Thursday, March 1, 2018

Acts 3: Walk it Off

Today we are back (finally!) in Acts and ready to take on chapter three. This is actually the first “apostle-initiated” mission event in church history (at Pentecost the Spirit showed up and the apostles reacted, and of course before that Jesus was leading the way), and as such it creates a paradigm for future mission and outreach work. Enjoy!

Acts 3:1-10
One day Peter and John were going up to the temple at the time of prayer—at three in the afternoon. 2 Now a man who was lame from birth was being carried to the temple gate called Beautiful, where he was put every day to beg from those going into the temple courts. 3 When he saw Peter and John about to enter, he asked them for money. 4 Peter looked straight at him, as did John. Then Peter said, “Look at us!” 5 So the man gave them his attention, expecting to get something from them.

6 Then Peter said, “Silver or gold I do not have, but what I do have I give you. In the name of Jesus Christ of Nazareth, walk.” 7 Taking him by the right hand, he helped him up, and instantly the man’s feet and ankles became strong. 8 He jumped to his feet and began to walk. Then he went with them into the temple courts, walking and jumping, and praising God. 9 When all the people saw him walking and praising God, 10 they recognized him as the same man who used to sit begging at the temple gate called Beautiful, and they were filled with wonder and amazement at what had happened to him.


1. It starts with prayer and devotion.

My guess, along with many scholars, is that Peter and John followed the tradition of pious Jews in their day and prayed multiple times throughout the day, including the traditional “ninth hour” (that’s 3pm) trip to the temple. A key for us then, is that everything that follows in this story begins from their posture of seeking God’s presence. It is through their consistent devotion to God in prayer that they are brought into contact with this lame man. This is a paradigm! If we give ourselves consistently to God and to His purposes in the world in prayer we will find that God begins directing us to the work that He has for us. We might say that mission should be the natural outcome of prayer.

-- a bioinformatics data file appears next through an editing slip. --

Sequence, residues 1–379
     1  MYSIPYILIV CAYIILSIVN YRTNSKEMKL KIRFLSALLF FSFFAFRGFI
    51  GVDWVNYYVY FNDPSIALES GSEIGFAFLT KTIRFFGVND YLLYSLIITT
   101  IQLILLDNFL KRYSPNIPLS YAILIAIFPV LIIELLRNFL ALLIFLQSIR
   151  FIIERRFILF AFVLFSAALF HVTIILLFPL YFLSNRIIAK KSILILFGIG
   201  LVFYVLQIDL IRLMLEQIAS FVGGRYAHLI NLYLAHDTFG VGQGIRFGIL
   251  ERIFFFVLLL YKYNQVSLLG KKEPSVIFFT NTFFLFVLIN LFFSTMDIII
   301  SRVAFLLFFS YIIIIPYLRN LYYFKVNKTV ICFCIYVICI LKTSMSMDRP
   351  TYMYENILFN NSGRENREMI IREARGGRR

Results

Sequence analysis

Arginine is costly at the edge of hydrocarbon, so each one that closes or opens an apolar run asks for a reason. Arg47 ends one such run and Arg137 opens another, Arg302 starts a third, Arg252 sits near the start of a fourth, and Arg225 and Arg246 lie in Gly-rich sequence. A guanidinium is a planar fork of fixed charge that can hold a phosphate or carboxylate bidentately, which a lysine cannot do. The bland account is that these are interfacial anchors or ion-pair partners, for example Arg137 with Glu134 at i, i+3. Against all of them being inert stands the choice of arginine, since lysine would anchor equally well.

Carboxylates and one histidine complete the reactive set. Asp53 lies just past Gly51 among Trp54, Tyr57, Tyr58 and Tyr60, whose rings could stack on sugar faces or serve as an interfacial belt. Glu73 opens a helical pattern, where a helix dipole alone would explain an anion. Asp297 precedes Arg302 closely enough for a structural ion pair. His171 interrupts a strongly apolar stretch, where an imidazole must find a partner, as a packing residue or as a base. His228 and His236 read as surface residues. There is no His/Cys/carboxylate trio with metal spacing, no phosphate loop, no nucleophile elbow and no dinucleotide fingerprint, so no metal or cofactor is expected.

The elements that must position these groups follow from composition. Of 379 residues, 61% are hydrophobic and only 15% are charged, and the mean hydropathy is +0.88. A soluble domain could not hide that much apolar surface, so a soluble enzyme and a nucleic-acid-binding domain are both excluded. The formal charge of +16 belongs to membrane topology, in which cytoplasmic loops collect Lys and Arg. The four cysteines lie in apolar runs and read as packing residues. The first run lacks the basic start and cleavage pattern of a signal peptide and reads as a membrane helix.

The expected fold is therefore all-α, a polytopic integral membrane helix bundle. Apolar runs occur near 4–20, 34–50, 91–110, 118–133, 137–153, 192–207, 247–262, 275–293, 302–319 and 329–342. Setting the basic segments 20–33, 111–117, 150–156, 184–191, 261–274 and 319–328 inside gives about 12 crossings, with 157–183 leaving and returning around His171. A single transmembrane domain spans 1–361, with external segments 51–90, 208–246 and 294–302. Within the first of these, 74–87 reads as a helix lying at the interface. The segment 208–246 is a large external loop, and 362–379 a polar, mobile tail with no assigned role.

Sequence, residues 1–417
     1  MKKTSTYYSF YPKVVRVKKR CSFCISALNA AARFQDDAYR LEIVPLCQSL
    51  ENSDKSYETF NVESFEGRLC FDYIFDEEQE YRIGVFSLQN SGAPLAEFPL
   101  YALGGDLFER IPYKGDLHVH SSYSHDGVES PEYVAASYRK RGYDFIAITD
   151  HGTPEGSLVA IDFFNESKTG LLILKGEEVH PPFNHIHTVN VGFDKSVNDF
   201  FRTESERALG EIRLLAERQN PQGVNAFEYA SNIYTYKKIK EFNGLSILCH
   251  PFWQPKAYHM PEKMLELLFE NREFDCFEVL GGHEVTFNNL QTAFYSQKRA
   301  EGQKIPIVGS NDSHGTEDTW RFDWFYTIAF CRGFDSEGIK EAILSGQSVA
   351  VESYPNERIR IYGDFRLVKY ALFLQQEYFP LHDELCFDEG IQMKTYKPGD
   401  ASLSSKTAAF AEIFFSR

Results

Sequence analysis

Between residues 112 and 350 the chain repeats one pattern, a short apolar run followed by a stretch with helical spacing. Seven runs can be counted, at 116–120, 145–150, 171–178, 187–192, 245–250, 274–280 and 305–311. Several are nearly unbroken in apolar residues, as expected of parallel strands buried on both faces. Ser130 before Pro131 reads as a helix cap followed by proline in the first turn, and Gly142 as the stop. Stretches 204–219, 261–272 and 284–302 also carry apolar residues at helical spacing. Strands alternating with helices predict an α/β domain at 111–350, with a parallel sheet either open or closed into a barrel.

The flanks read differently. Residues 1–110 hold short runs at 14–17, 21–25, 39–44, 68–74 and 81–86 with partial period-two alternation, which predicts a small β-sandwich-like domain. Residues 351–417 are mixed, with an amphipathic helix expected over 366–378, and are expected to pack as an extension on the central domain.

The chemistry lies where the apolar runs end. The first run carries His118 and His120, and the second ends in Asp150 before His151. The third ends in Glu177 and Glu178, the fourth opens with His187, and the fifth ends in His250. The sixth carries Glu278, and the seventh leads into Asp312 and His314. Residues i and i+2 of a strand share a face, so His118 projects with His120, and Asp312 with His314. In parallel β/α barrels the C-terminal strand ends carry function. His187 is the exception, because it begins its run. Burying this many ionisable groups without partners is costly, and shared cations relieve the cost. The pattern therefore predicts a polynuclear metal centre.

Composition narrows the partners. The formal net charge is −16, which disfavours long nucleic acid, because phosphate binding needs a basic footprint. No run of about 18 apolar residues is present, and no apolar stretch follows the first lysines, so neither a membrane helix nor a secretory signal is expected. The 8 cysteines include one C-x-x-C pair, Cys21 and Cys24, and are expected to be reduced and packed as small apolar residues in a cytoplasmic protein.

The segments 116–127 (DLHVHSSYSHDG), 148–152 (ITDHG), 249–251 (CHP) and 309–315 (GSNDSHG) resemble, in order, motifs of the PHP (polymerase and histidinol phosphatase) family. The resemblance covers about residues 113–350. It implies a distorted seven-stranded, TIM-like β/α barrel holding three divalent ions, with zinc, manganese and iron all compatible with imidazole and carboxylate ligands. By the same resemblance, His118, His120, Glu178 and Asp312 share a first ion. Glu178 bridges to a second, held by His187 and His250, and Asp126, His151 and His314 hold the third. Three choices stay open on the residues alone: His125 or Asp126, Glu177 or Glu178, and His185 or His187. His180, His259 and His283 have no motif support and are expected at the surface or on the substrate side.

2. Mission requires vision.
Peter and John can only do the work that Jesus sent them to do (John 20:21, among other scriptures) if they can see the people who need Jesus. Imagine how many times people walked by this beggar without noticing him. My guess is that Peter and John themselves walked by him many times as well without raising an eyebrow. Yet here, in the wake of receiving the Spirit at Pentecost (after praying, remember?) they truly see this man and his need… Which brings us to our second paradigm of the passage: we can’t share the blessing we’ve received from God with others if we can’t see them! We often talk about vision in terms of leadership and charting a course for the future. But mission requires FIRST a vision for those in need in the present. If we can’t see them (or dare we say, if we don’t know them!) them we can’t do the work Jesus has for us.

3. There’s no avoiding the risk.
While we’re told in Acts 2:43 that many “signs and wonders” were done by the apostles, this is the first recorded healing for Peter after Jesus’ ascension. At the very least, it is probably Peter’s first healing away from the group and in front of an unbelieving and potentially hostile crowd. I can’t help but believe then that Peter might have been a little anxious as he proclaimed healing to this man! At the very least his heart rate is going up! But here’s the thing, in order for the healing to take place Peter had to take this risk. He couldn’t go and whisper in a corner to the guy, or just say a silent prayer and yank the guy’s arm, he had to speak in front of all the people passing by and be “that guy” who is willing to risk (at the very least) his reputation to see God’s work done. And, if you’re thinking this is a third paradigm, you’re right! Ultimately, all legitimate mission involves risk and the possibility of spectacular failure.

So… let’s now take these paradigms to a personal level:

How is your devotion to prayer and God’s presence fueling your sense of mission?
Who are you seeing with prayer-inspired vision as someone God is sending you to?
What risk will you take to share the blessing you’ve received from God with them?

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